Environmental Education in Ciudad Sandino, Nicaragua

Sarah Ritter-Nicaragua.jpgSarah Ritter

Host Organization: Colegio Dinamarca

FSD Grant: $524,50

Host Community Donation: $1,142.42

At the Colegio Dinamarca in Ciudad Sandino, Nicaragua, trash lined the walkways until being burned in the school yard. This is not an isolated problem in Nicaragua - 56.6 % of its households dispose of their garbage by burning it, burying it, or throwing into rivers and ravines. Consequently, Nicaragua's water and air quality is severely contaminated by toxins, profoundly affecting the nation's ecology. As in the rest of Nicaragua, the Colegio Dinamarca ignored the environmental problem. In addition, a lack of green space and plant life made the campus a challenging environment for learning. Teachers and administrators repeatedly cited trash as one of the main problems at the school and responded by forming a committee to tackle the issue. However, a lack of funding prevented the committee from making any progress.

In collaboration with the students, faculty, and the Mayor's Department of the Environment in Ciudad Sandino, FSD intern Sarah Ritter developed a school recycling program. The program organized an "environmental club" (a student group responsible for educating their peers), targeting the young members of the community. The program also included painting an educational mural, creating a compost garden, and organizing an environmental fair to involve the greater community.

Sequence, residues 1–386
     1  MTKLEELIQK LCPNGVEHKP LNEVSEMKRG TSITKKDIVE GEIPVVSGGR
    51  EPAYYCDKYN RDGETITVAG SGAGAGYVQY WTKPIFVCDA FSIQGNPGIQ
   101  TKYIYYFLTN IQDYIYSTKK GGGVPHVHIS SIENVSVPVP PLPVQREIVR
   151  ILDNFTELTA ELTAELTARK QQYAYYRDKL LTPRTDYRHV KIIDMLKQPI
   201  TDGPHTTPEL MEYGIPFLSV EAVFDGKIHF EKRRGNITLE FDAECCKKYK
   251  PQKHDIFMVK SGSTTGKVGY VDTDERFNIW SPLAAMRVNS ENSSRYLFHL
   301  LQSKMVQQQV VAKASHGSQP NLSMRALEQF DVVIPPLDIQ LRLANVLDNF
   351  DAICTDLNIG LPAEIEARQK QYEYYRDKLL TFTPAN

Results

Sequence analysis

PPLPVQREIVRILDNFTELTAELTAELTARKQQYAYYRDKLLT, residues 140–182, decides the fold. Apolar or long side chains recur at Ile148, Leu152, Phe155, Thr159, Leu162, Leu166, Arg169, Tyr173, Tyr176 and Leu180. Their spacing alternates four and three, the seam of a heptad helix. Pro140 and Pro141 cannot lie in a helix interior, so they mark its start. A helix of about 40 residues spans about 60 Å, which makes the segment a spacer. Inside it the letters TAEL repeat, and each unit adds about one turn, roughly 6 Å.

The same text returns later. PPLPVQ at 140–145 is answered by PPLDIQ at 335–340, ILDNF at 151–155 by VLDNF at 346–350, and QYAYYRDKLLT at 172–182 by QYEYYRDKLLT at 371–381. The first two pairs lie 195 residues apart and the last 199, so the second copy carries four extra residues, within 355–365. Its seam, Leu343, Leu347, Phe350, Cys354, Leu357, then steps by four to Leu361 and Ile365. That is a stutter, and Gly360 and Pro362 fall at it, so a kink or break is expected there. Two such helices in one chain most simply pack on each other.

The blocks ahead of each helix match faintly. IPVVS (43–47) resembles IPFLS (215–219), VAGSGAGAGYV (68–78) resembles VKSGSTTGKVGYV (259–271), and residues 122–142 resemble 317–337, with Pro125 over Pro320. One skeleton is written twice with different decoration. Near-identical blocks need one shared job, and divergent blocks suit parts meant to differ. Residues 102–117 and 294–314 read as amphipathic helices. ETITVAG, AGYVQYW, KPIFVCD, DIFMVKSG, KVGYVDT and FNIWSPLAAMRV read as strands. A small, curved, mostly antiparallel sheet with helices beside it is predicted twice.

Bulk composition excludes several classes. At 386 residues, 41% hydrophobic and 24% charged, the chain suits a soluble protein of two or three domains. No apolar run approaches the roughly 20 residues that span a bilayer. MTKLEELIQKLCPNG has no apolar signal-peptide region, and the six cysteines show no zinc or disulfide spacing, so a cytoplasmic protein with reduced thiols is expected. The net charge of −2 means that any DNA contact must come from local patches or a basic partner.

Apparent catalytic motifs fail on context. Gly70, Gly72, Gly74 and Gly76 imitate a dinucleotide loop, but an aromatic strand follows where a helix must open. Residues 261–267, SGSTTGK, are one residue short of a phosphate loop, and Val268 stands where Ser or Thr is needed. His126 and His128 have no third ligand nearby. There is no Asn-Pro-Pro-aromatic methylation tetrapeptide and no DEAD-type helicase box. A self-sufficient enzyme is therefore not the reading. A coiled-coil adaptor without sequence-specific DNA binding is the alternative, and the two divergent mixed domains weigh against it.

With revenue earned from the sale of recyclables, the program covers the small costs of trash bags and transportation, allowing for its financial sustainability and future expansion. The compost garden serves as an educational tool for students while brining greenery to the school grounds. Similarly, the outreach efforts are virally spreading the message of environmental sustainability throughout the community.

Over 3,000 students and teachers were directly affected by Sarah's project, and there is potential for the program to spread to other schools, families, and institutions in the community. The program is a promising step toward shifting attitudes about how the community lives with its natural environment.

Click here to return to the Project Experience page.